A Blog About Intellectual Property Litigation and the District of Delaware

Entries for tag: Waiver

Bye bye, JMOL motion
Bye bye, JMOL motion Ioana Cristiana, Unsplash

In most patent cases that make it through trial, the losing party files a post-trial motion seeking judgment as a matter of law (JMOL), asking the judge to override the jury and find for them instead. It seems fairly uncommon to see a case that went to trial and did not settle that doesn't involve a post-trial JMOL motion from one side or the other.

Under the federal rules, to file a post-trial JMOL motion under FRCP 50(b), you must first file a JMOL motion during trial under FRCP 50(a). That motion must be made before the case is is submitted to the jury, and must "specify the …

Typical day in litigation
Typical day in litigation AI-Generated, displayed with permission

We've talked before about a common question in patent cases: whether parties can (or have to) address indefiniteness during the Markman claim construction process. The answer varies greatly by judge.

The Markman process sometimes occurs early in the case, and parties have to make a call fairly early-on about whether they want to address indefiniteness early in the case, or wait until later.

Plaintiffs usually want to defer indefiniteness for later to keep the case going as long as possible. Defendants, on the other hand, can go either way: Often they want to address indefiniteness early to resolve the action, but sometimes they aren't quite ready and prefer to wait as …

"Gather 'round, fellow developers, while I tell you the age-old tale of how we we have an implied license to Sprint's patents." AI-Generated, displayed with permission

Here's one I haven't seen before. In Sprint Communications Company L.P. v. WideOpenWest, Inc., C.A. No. 18-361-RGA (D. Del.), the defendant apparently sought to admit company "folklore" in support of its implied license defense.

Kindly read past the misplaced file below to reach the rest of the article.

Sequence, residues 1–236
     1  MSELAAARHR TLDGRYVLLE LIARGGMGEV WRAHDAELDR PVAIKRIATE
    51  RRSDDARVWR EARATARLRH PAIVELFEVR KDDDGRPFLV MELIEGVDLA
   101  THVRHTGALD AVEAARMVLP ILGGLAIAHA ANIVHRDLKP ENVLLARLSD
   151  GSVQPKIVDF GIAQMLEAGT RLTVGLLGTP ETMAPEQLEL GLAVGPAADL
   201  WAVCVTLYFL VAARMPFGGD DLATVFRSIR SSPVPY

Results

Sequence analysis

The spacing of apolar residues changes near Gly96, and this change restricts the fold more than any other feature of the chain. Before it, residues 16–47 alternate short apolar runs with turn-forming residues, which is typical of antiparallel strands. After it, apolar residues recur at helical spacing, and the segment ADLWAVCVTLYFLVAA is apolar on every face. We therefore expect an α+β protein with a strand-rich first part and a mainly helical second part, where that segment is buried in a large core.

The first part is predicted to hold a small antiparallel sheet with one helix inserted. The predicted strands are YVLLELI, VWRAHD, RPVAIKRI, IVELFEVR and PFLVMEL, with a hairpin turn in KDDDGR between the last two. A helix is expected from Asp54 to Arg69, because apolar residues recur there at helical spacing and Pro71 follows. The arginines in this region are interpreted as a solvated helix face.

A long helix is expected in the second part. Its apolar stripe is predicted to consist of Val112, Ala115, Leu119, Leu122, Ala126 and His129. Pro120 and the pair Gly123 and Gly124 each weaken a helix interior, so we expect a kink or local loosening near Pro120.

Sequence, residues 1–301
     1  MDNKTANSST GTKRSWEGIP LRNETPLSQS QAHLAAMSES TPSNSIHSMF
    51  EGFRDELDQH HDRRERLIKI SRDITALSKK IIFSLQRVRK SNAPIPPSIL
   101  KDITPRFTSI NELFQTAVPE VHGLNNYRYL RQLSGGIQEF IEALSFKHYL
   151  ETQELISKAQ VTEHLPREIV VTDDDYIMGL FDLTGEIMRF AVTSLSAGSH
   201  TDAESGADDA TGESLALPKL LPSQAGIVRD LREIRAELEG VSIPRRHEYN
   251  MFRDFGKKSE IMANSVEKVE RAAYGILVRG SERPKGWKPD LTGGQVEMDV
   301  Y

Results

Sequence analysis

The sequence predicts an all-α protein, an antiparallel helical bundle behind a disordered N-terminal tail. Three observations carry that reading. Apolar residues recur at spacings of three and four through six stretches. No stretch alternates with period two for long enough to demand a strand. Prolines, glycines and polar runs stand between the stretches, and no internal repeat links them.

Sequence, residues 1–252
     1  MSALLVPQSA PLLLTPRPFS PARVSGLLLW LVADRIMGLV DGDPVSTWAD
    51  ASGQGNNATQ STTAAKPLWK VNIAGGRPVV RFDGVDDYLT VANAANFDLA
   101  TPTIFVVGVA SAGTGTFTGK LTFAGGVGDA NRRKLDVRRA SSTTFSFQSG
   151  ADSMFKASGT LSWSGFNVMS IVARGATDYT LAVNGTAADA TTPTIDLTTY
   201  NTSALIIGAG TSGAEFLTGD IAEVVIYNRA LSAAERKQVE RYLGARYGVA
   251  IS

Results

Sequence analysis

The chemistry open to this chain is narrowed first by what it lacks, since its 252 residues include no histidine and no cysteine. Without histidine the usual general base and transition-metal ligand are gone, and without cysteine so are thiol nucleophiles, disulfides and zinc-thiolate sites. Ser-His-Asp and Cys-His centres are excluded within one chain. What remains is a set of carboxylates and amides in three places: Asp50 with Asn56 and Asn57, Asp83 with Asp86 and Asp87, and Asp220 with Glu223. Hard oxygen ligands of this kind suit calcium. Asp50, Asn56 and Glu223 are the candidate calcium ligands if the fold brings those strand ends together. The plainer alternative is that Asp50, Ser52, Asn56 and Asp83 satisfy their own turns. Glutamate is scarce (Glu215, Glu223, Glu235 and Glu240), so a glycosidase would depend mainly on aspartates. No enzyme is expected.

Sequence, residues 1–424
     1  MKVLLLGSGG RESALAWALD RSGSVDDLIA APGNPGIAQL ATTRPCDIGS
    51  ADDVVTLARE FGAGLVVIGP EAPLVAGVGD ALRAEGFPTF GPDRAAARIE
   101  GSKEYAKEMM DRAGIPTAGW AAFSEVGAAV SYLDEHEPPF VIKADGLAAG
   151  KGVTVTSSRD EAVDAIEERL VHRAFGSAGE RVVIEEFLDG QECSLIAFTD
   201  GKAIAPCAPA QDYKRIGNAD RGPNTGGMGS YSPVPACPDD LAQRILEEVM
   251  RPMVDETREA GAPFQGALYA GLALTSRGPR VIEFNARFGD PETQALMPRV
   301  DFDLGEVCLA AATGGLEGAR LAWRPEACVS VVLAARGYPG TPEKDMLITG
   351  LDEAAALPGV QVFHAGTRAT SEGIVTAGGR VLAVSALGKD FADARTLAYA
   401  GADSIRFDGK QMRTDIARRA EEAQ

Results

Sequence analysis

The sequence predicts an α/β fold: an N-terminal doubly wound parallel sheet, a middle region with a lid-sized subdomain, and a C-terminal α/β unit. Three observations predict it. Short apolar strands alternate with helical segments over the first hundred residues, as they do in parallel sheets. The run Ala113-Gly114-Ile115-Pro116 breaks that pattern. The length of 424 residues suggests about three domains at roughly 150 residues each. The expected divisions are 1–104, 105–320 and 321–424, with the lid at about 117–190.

The Court found that this "folklore" was relevant to the implied license defense:

While arguing for its second motion in limine (D.I. 433), Plaintiff Sprint raised the issue of certain privileged communications. . . . Plaintiffs second motion in limine sought to exclude testimony about company "folklore" regarding a right to practice Sprint's patents. Defendants plan to assert the affirmative defense of implied license, supported by this "folklore" testimony from ...

DALL·E 2022-11-03 10.27.28 - a pen held in a foot writing a note
AI-Generated, displayed with permission

One thing I noticed, but failed to mention, in discussing Judge Williams' opinion in Cirba IP, Inc. v. VMware, Inc., C.A. No. 19-742-GBW, week was the following passage on footnotes in briefing:

[T]he Court ultimately needs not address this footnote argument because "arguments raised in passing (such as, in a footnote), but not squarely argued, are considered waived. "

Cirba, at 4 n.3 (quoting Samsung Elecs. Co. v. Netlist, Inc. , C.A. No. 21-1453-RGA, 2022 WL 3027312, at *5 (D. Del. Aug. 1, 2022))

This is a policy we've touched on occasionally on the blog, most notably from Judge Andrews.